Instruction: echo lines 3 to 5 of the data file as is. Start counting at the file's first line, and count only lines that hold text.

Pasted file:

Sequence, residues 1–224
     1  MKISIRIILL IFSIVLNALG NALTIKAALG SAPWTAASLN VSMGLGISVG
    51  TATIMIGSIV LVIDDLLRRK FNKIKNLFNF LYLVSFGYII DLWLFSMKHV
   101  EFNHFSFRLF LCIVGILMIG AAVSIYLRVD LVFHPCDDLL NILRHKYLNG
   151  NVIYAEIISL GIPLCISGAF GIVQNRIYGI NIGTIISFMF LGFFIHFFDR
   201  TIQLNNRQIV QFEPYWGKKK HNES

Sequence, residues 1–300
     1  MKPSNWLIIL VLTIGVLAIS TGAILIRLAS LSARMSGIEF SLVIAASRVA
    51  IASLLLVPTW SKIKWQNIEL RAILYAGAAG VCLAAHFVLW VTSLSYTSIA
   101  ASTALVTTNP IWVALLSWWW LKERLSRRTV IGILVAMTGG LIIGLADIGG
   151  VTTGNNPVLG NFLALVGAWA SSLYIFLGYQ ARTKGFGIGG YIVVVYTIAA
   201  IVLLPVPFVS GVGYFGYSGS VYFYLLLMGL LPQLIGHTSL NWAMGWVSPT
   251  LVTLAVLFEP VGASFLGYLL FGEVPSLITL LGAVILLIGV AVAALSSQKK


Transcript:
    51  TATIMIGSIV LVIDDLLRRK FNKIKNLFNF LYLVSFGYII DLWLFSMKHV
   101  EFNHFSFRLF LCIVGILMIG AAVSIYLRVD LVFHPCDDLL NILRHKYLNG
   151  NVIYAEIISL GIPLCISGAF GIVQNRIYGI NIGTIISFMF LGFFIHFFDR